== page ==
Commerce Dept. Report Says Sugar Policy Pushing Jobs Overseas
Study suggests high sugar costs are a major factor in U.S. companies' decisions to relocate to other countries. ASA says it's another attempt to wrongfully blame U.S. sugar producers.
Published: Feb 15, 2006
A new report from the U.S. Department of Commerce, Employment Changes in U.S. Food Manufacturing: The Impact of Sugar Prices, reports that more than 10,000 jobs were lost between 1997 and 2002 at sugar-consuming companies, such as confectioneries. The study suggests high sugar costs are a major factor in U.S. companies' decisions to relocate to other countries.
The American Sugar Alliance says the report is another attempt by multimillion dollar companies to put the blame on U.S. sugar producers.
"We are seeing U.S. jobs move to countries that don't have the competitive disadvantage of high sugar prices that we face in the United States," says Under Secretary for U.S. Trade Franklin L. Lavin. "To compete and win in the world economy, we must lift the price burden for U.S. businesses that use sugar as a product ingredient."
Findings in the study include:
- For every sugar growing and harvesting job saved through high U.S. sugar prices, approximately three confectionery-manufacturing jobs are lost.
- For the confectionery industry in particular, evidence suggests that high U.S. sugar costs are a major factor in relocation decisions. In 2004, the price of U.S. refined sugar was 23.5 cents per pound compared to the world price at 10.9 cents.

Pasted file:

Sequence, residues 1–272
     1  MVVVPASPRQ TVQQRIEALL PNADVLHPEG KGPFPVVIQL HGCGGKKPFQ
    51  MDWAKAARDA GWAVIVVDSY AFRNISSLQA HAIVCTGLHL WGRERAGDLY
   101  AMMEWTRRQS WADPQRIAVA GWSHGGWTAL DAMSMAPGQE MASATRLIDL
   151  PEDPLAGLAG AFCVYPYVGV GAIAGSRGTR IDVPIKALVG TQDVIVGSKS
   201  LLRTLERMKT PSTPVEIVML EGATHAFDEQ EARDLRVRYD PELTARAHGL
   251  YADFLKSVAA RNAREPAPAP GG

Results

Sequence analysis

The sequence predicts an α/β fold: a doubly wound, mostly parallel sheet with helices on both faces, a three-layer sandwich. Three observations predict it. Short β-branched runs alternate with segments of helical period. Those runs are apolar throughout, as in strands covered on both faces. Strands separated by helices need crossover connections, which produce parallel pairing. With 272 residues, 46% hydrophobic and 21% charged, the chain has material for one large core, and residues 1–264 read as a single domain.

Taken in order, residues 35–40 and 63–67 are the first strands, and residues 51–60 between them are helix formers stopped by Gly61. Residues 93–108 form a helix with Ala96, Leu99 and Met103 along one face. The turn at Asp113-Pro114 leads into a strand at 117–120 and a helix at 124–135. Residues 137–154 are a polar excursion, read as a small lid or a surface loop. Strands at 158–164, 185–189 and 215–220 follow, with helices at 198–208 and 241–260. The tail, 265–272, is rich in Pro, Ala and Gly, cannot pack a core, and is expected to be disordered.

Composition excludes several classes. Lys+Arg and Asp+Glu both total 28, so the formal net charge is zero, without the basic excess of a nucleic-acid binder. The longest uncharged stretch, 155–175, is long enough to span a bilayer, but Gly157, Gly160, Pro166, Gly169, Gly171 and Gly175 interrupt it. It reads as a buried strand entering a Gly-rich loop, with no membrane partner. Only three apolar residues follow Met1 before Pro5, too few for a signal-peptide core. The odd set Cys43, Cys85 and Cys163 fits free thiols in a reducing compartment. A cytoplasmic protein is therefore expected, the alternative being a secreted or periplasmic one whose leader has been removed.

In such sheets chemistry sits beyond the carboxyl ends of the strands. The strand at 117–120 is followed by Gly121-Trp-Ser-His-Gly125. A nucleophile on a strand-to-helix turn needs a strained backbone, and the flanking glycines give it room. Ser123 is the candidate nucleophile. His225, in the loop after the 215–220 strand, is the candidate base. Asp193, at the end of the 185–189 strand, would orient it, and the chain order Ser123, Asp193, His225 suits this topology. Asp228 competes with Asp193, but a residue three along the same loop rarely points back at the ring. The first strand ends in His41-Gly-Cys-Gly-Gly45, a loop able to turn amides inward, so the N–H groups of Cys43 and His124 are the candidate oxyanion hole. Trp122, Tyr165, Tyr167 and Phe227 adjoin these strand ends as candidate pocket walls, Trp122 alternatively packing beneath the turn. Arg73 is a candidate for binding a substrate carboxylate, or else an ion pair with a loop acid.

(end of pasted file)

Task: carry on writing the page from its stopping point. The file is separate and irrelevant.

- Many U.S. sugar-containing products manufacturers have closed or relocated to locations where sugar prices are less than half of the U.S. price.
The House report accompanying the Commerce Department's fiscal year 2005 appropriations bill directed the Secretary of Commerce to conduct a study on the relationship between jobs and the differential between the U.S. price and world price of sugar.
American Sugar Alliance says companies abandoning U.S.
Last week the American Sugar Alliance sent Congress a detailed briefing paper, Candy Companies Flee U.S. Workers, Not U.S. Sugar Prices, to give their take on the situation.
"Hundreds of American manufacturers from all sectors are leaving the country because of high-priced U.S. workers and worker benefits," says Phillip Hayes, a spokesman for the American Sugar Alliance. "Yet, candy companies that relocate hide those factors and use America's efficient sugar farmers as the scapegoat."
The American Sugar Alliance briefing paper cites a study of business expenses conducted at candy manufacturing locations by a former career USDA sweetener analyst.
That study found that wages in U.S. candy factories were 27 times higher than Mexican wages and 20% higher than Canadian wages. Healthcare costs, tax rates, energy costs, and rent were also much cheaper in Mexico and Canada.
On the other hand, wholesale sugar prices were nearly identical. According to the briefing paper, "U.S. candy companies paid 23 cents per pound for sugar in 2004, compared to a 22-cent-per-pound weighted world average and a 25 cent-per-pound North American average."
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